[e2e] Port numbers in the network layer?
jeanjour at comcast.net
Fri Apr 26 15:30:24 PDT 2013
At 9:32 PM +0200 4/25/13, Detlef Bosau wrote:
>Am 25.04.2013 14:52, schrieb John Day:
>>Re: [e2e] Port numbers in the network layer?
>>The question is why is a protocol-id field required in some
>>protocols and not others.
>>If it is to identify the protocol in the layer above, then how many
>>thousand SCTP instances can I identify on top of a single IP
>>instance. If it identifies the protocol, then that should be
>>possible. Obviously it isn't what it is intended for.
>So, what is, concisely, the problem and your proposed solution?
Problem? What problem? No one suggested there was a problem.
The question was about the distinction between protocol-id fields and
port-ids. I explained the difference and what the function of the
protocol-id field was as opposed to the purpose of source and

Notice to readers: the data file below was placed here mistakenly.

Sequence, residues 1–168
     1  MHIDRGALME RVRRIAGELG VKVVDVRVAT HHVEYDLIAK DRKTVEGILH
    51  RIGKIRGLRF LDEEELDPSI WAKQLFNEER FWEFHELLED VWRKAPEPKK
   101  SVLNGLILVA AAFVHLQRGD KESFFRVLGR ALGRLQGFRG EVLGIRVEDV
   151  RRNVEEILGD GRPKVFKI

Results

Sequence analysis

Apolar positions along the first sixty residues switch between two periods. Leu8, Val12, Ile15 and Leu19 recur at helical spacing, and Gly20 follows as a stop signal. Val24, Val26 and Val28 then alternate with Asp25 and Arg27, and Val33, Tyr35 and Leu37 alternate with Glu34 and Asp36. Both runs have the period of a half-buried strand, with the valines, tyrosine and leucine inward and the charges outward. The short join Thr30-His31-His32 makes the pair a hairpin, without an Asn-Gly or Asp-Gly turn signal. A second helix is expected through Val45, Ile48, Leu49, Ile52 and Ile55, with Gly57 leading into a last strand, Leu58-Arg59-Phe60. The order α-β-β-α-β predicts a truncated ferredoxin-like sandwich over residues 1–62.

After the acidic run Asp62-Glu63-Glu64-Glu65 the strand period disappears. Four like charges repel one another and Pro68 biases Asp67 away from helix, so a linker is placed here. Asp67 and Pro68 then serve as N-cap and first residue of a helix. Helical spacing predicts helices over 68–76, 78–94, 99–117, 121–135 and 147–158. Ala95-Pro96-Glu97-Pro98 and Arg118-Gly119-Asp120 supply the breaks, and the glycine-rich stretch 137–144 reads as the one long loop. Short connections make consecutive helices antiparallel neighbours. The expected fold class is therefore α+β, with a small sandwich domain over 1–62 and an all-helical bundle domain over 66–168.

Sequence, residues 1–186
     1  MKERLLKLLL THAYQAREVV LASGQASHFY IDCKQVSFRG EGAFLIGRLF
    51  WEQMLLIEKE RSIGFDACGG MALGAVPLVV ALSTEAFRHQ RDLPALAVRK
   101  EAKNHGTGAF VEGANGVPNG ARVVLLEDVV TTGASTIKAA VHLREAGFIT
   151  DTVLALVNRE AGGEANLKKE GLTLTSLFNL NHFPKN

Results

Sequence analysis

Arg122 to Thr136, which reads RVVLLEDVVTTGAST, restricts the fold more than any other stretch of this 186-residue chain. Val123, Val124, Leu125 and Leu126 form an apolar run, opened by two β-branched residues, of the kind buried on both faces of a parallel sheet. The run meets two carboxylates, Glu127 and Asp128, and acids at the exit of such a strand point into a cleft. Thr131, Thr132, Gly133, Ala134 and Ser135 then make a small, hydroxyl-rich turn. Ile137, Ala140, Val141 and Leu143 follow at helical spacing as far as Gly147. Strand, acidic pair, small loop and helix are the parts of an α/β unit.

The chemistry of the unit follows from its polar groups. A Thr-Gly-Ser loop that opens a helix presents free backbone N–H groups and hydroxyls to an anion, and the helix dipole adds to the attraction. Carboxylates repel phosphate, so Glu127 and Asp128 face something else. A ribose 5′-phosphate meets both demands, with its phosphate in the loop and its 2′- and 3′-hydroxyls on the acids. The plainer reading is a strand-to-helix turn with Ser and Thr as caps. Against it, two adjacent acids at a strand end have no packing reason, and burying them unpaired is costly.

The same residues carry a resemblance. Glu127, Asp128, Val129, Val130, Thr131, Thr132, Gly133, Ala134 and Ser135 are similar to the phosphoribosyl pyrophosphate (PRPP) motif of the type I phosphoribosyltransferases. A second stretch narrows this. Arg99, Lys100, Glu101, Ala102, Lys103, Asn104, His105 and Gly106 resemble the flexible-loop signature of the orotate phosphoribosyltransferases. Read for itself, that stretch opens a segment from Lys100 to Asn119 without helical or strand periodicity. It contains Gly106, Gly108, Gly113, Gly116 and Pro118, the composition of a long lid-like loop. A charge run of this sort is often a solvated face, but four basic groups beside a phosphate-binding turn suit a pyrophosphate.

destination port-ids. It is the case that the protocol-id field does
have the rather disturbing property of requiring an (N)-protocol to
have information about (N+1)-protocols, while port-ids provide
One of the implications of Watson's work is that port-id and
connection-endpoint-ids should be distinct. This has a number of
>Up to know, each individual TCP connection is uniquely identified by
>an address quadruple (node 1, port 1, node 2, port2).
>Why doesn't this work?
For what value of "work"? ;-)
The current practice in TCP has certain security problems. These
stem from the fact that port-ids and connection-endpoint ids are
conflated and the use of well-known ports. The TCP server must rely
on source port to distinguish connections to a well-known port. This
is a number it did not generate and can be spoofed and hence creates
a security vulnerability.
>And which solution works better?
Taking the lessons from delta-t noted above and eliminating the need
for well-known ports avoids a number of security vulnerabilities.
see G. Boddapati, L. Chitkushev, J. Day, and I. Matta "Assessing the
Security of a Clean-Slate Internet Architecture," Seventh Workshop on
Secure Network Protocols (NPSec) October 30th, 2012.
-------------- next part --------------
An HTML attachment was scrubbed...
More information about the end2end-interest